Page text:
Results: Those who completed assessments at all time points had more positive attitudes towards others, were rated as having better conversation skills, and had higher spelling grades at baseline. However, these differences were only marginally significant.

In terms of the outcomes assessed through the teacher surveys, there was a positive impact on refusal skills and problem solving, with the control group getting worse over time, while the program group remained stable. There was also a marginal positive impact on courteousness and ethical behavior. There was no impact on coping with conflict, decision-making, making conversation, positive attitude toward others or self, communication skills, expressing feelings, self care, classroom enthusiasm, language arts, math or homework.

In terms of the child survey, there was a positive impact on school bonding. There was no impact on intent to use tobacco, alcohol, or drugs; perceptions of tobacco, alcohol or drugs; attitude toward teachers or school; family cohesiveness; or use of physical punishment in the family.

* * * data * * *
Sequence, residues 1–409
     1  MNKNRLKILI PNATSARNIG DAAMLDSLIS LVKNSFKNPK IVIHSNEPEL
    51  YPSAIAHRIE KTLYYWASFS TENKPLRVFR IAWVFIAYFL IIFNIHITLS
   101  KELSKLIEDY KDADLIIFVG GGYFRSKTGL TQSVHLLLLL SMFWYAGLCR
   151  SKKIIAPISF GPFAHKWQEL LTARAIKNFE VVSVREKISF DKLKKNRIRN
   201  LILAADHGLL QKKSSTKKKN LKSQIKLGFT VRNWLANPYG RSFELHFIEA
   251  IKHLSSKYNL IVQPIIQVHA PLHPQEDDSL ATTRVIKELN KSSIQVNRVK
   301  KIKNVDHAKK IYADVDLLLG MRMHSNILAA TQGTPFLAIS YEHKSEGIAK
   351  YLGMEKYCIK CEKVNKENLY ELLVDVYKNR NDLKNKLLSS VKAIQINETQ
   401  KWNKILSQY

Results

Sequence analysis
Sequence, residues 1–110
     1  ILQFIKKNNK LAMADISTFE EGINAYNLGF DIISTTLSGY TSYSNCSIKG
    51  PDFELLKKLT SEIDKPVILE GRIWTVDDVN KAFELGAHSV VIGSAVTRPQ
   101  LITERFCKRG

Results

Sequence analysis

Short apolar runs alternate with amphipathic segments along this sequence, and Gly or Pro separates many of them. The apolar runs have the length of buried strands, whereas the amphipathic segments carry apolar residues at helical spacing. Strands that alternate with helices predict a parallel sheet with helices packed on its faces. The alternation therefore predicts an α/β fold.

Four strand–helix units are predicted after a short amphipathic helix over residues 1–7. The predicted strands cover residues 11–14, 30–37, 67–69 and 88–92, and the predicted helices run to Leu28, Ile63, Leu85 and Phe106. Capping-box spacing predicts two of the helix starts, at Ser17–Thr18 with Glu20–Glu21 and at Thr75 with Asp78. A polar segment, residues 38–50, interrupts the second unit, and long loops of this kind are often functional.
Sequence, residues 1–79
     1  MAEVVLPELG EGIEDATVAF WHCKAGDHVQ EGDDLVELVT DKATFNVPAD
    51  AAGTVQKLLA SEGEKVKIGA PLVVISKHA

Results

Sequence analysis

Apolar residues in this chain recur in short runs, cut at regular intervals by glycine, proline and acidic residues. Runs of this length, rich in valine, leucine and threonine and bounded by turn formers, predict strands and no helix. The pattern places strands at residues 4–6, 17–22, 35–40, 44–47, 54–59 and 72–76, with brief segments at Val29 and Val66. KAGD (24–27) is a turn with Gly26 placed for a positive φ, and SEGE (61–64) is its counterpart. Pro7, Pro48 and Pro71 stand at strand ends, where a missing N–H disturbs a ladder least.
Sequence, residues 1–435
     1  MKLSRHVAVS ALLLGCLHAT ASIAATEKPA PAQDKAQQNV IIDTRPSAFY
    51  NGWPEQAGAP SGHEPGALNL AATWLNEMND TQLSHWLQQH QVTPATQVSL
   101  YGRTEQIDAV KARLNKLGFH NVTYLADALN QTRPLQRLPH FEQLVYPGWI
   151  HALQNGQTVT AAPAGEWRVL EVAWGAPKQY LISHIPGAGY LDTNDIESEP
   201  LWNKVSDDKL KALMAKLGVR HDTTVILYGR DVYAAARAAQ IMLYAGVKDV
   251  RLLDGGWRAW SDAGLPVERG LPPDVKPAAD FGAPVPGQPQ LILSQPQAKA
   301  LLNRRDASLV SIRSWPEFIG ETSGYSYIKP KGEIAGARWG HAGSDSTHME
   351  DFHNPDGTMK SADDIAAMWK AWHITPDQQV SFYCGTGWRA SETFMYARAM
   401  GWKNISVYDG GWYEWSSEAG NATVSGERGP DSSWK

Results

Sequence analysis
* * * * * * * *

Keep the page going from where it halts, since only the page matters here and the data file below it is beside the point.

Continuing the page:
In terms of the parent survey, there was no impact on family functioning, parent management practices, parent’s support of the child’s school-related activities, or on parent’s perception of alcohol, tobacco, and drugs.

In terms of grades, there was a positive impact on spelling grades, but no impact on math or reading grades.



St. Pierre, T.L., Mark, M.M., Kaltreider, D.L., & Campbell, B. (2001). Boys & Girls Clubs and school collaborations: A longitudinal study of a multicomponent substance abuse prevention program for high-risk elementary school children. Journal of Community Psychology, 29,87-106.

KEYWORDS:Children (3-11), Elementary, Males and Females, High-Risk, Parent or Family Component, After-School Program, Tutoring, Skills Training, Reading/Literacy, Mathematics, Academic Achievement/Grades, Academic Motivation/Self-Concept/Expectations/Engagement, Tobacco Use, Marijuana/Illicit/Prescription Drugs, Alcohol Use, Social Skills/Life Skills

Program information last updated on 8/11/11.